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New Report Finds Hidden Cable TV Fees Are Costing The Average Customer Over $450/Year

Stephanie Sengwe

Hidden fees have long been a plague for cable TV customers, and now it seems they are getting more and more problematic. According to a new report by Consumer Reports, hidden cable fees are resulting in a 24 percent surcharge on top of the advertised price. This means the average cable TV customer ends up paying over $450 per year in company-imposed fees, and cable companies could be making an estimated $28 billion a year. What’s more disturbing is the fact cable companies are increasing these fees while many customers are locked into what they believe to be “fixed-rate” contracts.

Price hikes are being applied to not only government related fees and taxes, but the fees that individual cable companies created themselves, the study found. These company-imposed fees include, Broadcast TV fees, Regional Sports Fees, Set-Top-Box and Related Rental Fees, Cable Modem and/or Router Fees, HD Technology Fees, Internet Service-Related Fees, Administrative/Convenience Fees and Installation Fees.

Consumer Reports states that in 2015, Comcast Corporation was charging consumers a $1-a-month Regional Sports Fee and $1.50-a-month Broadcast TV Fee, for a total of $2.50 per month, now, those two fees combined add up to $18.25 a month. Charter Communications also increased its Broadcast TV Surcharge three times in the last year, to $13.50 a month, a 50 percent increase of what that fee cost a year ago.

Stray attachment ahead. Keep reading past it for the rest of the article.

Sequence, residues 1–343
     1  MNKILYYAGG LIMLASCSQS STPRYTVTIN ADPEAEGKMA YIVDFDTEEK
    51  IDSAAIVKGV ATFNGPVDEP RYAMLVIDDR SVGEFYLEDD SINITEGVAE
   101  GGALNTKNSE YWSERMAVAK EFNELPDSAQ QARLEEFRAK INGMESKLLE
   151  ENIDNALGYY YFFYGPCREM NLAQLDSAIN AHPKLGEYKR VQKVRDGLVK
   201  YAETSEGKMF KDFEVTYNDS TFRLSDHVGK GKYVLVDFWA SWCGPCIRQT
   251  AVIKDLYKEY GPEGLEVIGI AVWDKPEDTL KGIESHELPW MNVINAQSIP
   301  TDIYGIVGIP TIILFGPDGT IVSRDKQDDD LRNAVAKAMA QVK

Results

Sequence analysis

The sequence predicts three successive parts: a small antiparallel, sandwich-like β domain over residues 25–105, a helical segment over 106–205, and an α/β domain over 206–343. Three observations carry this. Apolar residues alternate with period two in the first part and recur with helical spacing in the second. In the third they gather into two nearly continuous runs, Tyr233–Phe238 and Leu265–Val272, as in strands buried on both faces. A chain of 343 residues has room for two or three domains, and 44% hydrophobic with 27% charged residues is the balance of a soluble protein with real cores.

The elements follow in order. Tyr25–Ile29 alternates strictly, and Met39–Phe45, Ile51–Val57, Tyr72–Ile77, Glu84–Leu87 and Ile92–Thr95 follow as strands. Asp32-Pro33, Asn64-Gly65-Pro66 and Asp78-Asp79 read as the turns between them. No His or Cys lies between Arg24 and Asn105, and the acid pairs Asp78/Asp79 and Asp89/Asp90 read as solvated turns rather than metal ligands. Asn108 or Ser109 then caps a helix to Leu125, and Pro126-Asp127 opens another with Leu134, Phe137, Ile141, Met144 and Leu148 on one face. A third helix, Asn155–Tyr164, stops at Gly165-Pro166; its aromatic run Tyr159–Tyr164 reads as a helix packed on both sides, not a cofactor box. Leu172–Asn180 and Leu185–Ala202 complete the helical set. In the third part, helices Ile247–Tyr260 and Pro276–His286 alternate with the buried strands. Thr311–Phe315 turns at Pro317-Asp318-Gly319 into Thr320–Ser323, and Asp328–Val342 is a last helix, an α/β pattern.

The average amount of company-imposed fees charged by specific providers, for example,
ranged from $22.96 for AT&T U-verse and $31.28 or Charter, to $39.59 for Comcast, $40.16 for Cox, and $43.79 for Verizon Fios, the report found. Consumer Report used the most recent publicly available subscriber numbers published by the FCC to determine the total number of cable user and by multiplying the total subscriber number by the average cost of company-imposed fees, $37.11 per month, found that the cable industry generates $2.3 billion a month—or a little less than $28 billion a year in fees.

Consumer Reports also reached out to several cable companies to find out the reasoning behind the hidden fees. Companies insisted that not only are the fees legal, but they are also transparent. “Charter, for example, noted that, ‘The FCC expressly permits cable video programming providers to separately itemize their programming costs on customer bills,” the report stated. When questioned about their hidden fees, Verizon said its customers have “the ability to review [feerelated] information in writing,” and pointed to the fact that its advertisements disclose the existence of additional taxes and fees. Consumer Reports also stated that Verizon insisted that all prospective customers are able to see a full breakdown of the bundle costs, including taxes and fees.

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